Roku Calls Google an ‘Unchecked Monopolist’ in Move to Circumvent Roku Channel Store with YouTube TV
In their growing feud, earlier today YouTube embedded access to YouTube TV in their Roku App. By doing this, they created a work-around, despite the fact that they no longer have a deal with Roku to distribute YouTube TV on the Roku Channel Store.
In a statement to The Streamable, Roku said:
Google’s actions are the clear conduct of an unchecked monopolist bent on crushing fair competition and harming consumer choice. The bundling announcement by YouTube highlights the kind of predatory business practices used by Google that Congress, Attorneys General and regulatory bodies around the world are investigating. Roku has not asked for one additional dollar in financial value from YouTubeTV.
We have simply asked Google to stop their anticompetitive behavior of manipulating user search results to their unique financial benefit and to stop demanding access to sensitive data that no other partner on our platform receives today. In response, Google has continued its practice of blatantly leveraging its YouTube monopoly to force an independent company into an agreement that is both bad for consumers and bad for fair competition.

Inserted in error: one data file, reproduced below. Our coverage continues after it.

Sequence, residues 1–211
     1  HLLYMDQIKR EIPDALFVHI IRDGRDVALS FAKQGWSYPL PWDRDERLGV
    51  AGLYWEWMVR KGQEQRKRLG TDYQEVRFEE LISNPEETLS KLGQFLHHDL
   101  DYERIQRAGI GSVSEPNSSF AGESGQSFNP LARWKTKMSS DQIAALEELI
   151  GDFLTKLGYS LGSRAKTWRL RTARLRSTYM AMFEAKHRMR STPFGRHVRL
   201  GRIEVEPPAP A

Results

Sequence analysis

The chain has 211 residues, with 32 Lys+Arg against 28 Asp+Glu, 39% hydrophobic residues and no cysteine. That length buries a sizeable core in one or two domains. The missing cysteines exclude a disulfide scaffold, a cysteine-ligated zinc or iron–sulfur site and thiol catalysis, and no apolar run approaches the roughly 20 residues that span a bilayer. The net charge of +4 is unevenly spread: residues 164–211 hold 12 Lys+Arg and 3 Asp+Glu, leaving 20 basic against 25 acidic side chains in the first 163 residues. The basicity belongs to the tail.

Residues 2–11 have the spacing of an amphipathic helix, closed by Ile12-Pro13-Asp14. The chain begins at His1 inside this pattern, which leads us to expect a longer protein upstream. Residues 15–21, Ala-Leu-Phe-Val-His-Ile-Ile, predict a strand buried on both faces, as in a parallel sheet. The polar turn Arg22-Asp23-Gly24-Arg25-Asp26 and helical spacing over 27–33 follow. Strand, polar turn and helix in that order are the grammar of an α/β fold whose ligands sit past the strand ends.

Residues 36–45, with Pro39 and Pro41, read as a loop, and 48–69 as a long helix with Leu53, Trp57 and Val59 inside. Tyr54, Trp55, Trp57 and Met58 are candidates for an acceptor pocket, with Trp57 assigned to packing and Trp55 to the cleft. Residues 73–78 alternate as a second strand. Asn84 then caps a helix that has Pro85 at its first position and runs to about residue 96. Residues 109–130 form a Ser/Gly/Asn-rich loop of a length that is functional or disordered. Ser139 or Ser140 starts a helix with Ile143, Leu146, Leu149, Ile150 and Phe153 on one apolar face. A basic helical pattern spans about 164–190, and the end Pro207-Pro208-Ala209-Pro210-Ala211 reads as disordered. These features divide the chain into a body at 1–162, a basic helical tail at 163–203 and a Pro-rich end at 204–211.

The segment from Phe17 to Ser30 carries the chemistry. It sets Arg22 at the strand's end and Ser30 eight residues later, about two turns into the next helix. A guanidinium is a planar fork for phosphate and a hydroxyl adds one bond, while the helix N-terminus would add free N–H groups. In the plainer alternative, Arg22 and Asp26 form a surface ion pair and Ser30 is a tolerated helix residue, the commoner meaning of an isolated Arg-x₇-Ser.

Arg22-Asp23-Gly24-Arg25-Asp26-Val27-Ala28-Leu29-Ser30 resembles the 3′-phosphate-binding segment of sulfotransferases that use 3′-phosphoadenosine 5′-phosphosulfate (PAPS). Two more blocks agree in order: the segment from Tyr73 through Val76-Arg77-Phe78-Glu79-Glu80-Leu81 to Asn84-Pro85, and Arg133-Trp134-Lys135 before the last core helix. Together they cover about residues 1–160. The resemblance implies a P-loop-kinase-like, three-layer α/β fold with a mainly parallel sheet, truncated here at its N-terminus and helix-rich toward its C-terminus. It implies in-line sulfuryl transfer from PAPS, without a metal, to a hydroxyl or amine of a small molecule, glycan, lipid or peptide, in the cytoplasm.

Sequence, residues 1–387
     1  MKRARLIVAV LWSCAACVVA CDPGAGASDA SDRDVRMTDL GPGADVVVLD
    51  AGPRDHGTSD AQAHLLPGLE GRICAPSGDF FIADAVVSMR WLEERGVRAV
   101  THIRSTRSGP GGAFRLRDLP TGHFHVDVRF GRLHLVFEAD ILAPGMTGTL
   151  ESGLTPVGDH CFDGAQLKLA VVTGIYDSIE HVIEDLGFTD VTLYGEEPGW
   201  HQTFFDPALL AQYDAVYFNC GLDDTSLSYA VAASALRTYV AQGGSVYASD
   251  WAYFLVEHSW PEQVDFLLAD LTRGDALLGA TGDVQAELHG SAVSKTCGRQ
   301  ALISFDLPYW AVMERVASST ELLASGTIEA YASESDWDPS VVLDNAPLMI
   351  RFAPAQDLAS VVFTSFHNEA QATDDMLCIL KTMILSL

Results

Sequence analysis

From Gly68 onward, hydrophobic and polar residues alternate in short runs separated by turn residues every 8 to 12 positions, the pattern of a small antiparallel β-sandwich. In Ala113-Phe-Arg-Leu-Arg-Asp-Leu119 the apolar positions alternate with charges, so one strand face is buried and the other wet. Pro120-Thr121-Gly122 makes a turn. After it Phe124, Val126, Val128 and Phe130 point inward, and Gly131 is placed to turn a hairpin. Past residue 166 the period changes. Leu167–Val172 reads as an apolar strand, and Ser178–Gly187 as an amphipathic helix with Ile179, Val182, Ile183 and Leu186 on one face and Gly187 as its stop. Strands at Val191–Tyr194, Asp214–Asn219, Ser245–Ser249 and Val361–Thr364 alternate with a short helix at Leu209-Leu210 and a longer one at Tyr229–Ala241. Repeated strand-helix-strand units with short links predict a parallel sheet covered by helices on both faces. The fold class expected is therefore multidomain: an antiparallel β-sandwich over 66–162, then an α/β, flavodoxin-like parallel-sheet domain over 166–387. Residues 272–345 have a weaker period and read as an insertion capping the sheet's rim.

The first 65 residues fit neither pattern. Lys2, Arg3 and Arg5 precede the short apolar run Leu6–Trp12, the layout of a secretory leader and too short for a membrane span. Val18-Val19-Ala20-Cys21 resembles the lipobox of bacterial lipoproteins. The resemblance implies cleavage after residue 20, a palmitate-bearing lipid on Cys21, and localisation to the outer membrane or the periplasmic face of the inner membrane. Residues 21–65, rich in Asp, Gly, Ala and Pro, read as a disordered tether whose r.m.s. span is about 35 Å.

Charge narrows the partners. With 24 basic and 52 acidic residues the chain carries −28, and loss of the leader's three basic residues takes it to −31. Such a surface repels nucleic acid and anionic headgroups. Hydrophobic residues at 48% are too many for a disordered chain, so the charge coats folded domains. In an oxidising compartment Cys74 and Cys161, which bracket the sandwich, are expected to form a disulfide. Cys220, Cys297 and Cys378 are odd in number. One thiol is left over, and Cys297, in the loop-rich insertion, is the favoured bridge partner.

At this point, Roku hasn’t removed the YouTube app for the Roku Channel Store.
YouTube TV subscribers who use Roku as their streaming device can now access YouTube TV through the regular YouTube app. From the YouTube App, there is now an option to “Go to YouTube TV” on their YouTube sidebar. Selecting this option will switch them over to the YouTube TV interface. Be advised: you won’t be able to sign up for YouTube TV through this workaround — you’ll have to either be an existing customer or sign up elsewhere.
Currently, Roku and Google are at a standstill on a new deal — Roku is concerned with Google’s insistence on capturing user data and manipulating the platform’s search results to favor YouTube, while Google is unsure of Roku’s technological capabilities and wants assurance the company will upgrade its tech. Just yesterday, Roku exec Scott Rosenberg said he had no news on the topic but wants to resolve this issue “in a positive way for Roku and Google and, ultimately, for consumers.”